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Title II of the Americans with Disabilities Act outlines the steps that all state and local governments are required to take to ensure that their communications with people with disabilities are effective.

Federal employee rights are covered under Section 501 of the Rehabilitation Act of 1973.

Title I of the Americans with Disabilities Act prohibits employers, employment agencies, labor unions and joint labor-management committees from discriminating against persons with disabilities. ADA obligations are placed on employers of fifteen or more people.

Reasonable accommodations for Deaf employees who rely on sign language include the provision of qualified sign language interpreter services.

For some individuals, and for some jobs, it may be necessary to have interpreter services available on a regular basis. For other employees or for job applicants, occasional interpreting on an as-needed basis may be sufficient.

The ADA requires employers to make sure that Deaf employees or job applicants can communicate effectively when necessary. This includes special occasions and meetings, training, job evaluations, and communication concerning work, discipline or job benefits. It also includes regular work-related communication and employee-sponsored benefits and programs.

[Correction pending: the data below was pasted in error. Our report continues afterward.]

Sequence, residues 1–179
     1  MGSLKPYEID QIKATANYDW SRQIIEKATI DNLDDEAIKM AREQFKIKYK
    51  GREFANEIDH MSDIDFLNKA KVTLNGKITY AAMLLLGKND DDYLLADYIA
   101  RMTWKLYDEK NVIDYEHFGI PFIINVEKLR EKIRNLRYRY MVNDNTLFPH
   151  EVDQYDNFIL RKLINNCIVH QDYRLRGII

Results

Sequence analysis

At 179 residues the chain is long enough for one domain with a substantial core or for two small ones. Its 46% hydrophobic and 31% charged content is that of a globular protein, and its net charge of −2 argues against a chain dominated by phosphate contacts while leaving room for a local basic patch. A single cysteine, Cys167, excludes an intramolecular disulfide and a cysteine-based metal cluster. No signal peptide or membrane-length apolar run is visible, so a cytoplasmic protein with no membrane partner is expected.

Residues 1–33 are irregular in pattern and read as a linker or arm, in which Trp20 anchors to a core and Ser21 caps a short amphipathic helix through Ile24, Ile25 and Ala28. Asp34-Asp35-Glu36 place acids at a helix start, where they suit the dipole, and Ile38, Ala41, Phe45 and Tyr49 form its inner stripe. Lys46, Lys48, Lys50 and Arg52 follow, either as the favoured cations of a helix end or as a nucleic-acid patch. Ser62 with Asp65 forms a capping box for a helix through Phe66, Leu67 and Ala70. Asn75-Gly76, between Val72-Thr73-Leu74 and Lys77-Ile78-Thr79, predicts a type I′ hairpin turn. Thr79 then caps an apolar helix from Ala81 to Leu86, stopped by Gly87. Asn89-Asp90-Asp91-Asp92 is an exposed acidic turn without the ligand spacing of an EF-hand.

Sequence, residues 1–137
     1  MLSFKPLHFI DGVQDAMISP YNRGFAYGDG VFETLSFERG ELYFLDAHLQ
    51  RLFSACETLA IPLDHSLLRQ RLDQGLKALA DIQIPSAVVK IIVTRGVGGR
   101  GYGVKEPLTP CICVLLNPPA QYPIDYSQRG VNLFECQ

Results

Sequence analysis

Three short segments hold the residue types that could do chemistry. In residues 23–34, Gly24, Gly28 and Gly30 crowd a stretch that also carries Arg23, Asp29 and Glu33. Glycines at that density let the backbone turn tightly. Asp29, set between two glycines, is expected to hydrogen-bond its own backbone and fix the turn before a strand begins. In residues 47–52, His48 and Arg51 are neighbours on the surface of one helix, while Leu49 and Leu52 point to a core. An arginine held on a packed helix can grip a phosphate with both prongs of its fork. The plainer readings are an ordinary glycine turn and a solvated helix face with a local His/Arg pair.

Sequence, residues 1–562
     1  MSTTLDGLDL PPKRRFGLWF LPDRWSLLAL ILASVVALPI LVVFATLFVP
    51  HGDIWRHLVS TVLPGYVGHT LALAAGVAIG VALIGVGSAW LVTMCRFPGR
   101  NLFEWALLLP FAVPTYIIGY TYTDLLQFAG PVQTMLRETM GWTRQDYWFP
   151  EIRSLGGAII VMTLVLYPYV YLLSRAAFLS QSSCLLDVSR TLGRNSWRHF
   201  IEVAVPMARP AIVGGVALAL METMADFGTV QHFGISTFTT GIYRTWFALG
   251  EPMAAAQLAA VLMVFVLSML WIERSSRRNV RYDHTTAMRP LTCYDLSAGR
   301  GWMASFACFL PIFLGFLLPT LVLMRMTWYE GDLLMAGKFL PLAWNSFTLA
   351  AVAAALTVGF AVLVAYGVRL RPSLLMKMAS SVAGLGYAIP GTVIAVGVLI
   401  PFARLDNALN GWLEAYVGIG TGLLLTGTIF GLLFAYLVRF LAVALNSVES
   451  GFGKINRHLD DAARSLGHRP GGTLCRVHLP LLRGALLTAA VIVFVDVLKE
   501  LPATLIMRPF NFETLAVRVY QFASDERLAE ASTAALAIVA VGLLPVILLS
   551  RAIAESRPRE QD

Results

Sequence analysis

Eaton adheres to and is in compliance with all state, county and federal contract mandates. Eaton is committed to working with the employer/employee in assigning an interpreter that is the best match in terms of technical expertise, attitude, subject matter, and dedication to the consumer’s needs. All assigned interpreters must adhere to the NAD-RID Code of Professional Conduct. A majority of the contracted interpreters who work for Eaton have been fingerprinted through the California Department of Justice automated Live Scan service for criminal history background checks.

What does the law say about accommodations?

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